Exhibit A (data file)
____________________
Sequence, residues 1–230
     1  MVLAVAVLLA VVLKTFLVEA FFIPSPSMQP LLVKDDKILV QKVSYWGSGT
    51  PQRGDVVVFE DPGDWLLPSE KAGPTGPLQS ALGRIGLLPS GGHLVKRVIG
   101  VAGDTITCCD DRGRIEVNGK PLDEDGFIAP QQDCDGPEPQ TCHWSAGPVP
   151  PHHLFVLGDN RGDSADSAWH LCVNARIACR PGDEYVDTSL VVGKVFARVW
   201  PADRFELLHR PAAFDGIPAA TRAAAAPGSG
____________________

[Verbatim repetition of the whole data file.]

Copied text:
Sequence, residues 1–230
     1  MVLAVAVLLA VVLKTFLVEA FFIPSPSMQP LLVKDDKILV QKVSYWGSGT
    51  PQRGDVVVFE DPGDWLLPSE KAGPTGPLQS ALGRIGLLPS GGHLVKRVIG
   101  VAGDTITCCD DRGRIEVNGK PLDEDGFIAP QQDCDGPEPQ TCHWSAGPVP
   151  PHHLFVLGDN RGDSADSAWH LCVNARIACR PGDEYVDTSL VVGKVFARVW
   201  PADRFELLHR PAAFDGIPAA TRAAAAPGSG